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posted by n1 on Tuesday August 26 2014, @04:48PM   Printer-friendly
from the most-of-twitter-to-be-flagged dept.

The National Science Foundation is funding the “Truthy” database, intended to detect “false and misleading ideas,” "political smears," and other "social pollution” in online political activity. Researchers at Indiana University have received $919,917 (so far) for this project. The resulting open-source platform will be made publicly available, including via a web service open to the public for "monitoring trends, bursts, and suspicious memes.”

According to the grant, “This service could mitigate the diffusion of false and misleading ideas, detect hate speech and subversive propaganda, and assist in the preservation of open debate."

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  • (Score: 2) by edIII on Tuesday August 26 2014, @11:34PM

    by edIII (791) on Tuesday August 26 2014, @11:34PM (#85974)

    To me, reducing information asymmtry is the next best thing to shutting down the surveillance state (which should still be top priority)

    I'm in complete agreement. At the same time though, I'm extremely suspicious of any kind of Big Data project to develop new tools. That's essentially what this is, a new tool to analyze all the user generated content.

    Who is using the tool?

    Forgive my cynicism but when this is offered as a "service" the last person I see paying for and using it is someone with the interests of the people and common man at heart.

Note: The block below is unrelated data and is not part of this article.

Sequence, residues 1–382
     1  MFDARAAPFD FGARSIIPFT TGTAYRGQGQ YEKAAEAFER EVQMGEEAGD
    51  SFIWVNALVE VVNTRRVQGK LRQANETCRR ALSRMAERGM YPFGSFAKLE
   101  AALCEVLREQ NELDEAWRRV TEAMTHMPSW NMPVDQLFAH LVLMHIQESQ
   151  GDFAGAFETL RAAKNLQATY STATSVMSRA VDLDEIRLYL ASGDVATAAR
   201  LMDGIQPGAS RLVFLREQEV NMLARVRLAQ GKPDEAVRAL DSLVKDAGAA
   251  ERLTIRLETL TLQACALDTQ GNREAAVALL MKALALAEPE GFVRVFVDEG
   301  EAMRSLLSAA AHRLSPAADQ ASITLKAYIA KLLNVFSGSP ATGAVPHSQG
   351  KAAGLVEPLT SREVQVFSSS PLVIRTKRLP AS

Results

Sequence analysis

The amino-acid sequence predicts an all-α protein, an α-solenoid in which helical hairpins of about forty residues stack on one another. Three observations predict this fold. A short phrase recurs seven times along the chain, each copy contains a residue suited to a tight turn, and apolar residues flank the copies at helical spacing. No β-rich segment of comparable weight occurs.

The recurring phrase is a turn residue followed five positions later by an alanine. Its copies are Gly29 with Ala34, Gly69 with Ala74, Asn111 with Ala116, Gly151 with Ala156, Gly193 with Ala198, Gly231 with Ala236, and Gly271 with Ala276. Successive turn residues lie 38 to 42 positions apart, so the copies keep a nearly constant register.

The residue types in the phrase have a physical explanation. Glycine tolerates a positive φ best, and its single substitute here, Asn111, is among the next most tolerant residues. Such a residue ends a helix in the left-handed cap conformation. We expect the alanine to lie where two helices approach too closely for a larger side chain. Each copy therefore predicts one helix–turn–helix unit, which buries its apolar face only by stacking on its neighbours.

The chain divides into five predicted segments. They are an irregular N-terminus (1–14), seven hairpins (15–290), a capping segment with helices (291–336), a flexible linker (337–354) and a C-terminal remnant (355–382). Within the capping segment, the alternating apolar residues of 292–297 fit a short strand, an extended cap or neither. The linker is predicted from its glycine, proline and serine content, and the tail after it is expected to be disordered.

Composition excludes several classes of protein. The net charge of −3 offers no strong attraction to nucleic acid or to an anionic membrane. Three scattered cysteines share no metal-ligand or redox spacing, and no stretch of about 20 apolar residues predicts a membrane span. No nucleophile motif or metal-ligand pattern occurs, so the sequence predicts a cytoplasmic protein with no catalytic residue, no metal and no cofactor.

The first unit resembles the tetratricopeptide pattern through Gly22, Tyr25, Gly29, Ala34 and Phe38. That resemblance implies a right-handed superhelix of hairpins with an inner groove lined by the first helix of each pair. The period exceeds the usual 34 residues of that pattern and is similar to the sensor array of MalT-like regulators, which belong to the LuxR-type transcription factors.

Technically, lunchtime is at any moment. It's just a wave function.
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  • (Score: 1) by JNCF on Wednesday August 27 2014, @02:23AM

    by JNCF (4317) on Wednesday August 27 2014, @02:23AM (#86019) Journal

    I understand your cynicism, I just think it might be misplaced. Maybe you should worry about the fact that the federal government is sponsoring this, and ask why. But concern that this is a service that will be offered to a select few at a price seems to go against the wording of the grant funding the project. From TFA:

    “The project stands to benefit both the research community and the public significantly,” the grant states. “Our data will be made available via [application programming interfaces] APIs and include information on meme propagation networks, statistical data, and relevant user and content features.”

    “The open-source platform we develop will be made publicly available and will be extensible to ever more research areas as a greater preponderance of human activities are replicated online,” it continues. “Additionally, we will create a web service open to the public for monitoring trends, bursts, and suspicious memes.”

    Maybe I'm being too hopeful, but it sounds like this is an awesome open-source data mining tool that could potentially be used to spot the sock-puppets of nefarious governments and corporations.